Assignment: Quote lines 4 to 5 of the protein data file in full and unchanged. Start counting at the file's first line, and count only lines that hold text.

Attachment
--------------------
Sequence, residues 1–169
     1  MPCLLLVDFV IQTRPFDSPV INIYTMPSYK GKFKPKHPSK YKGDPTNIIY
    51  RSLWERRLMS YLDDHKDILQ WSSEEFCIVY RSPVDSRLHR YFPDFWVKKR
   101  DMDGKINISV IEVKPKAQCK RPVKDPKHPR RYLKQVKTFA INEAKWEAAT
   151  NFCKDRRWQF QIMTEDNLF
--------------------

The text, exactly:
   101  DMDGKINISV IEVKPKAQCK RPVKDPKHPR RYLKQVKTFA INEAKWEAAT
   151  NFCKDRRWQF QIMTEDNLF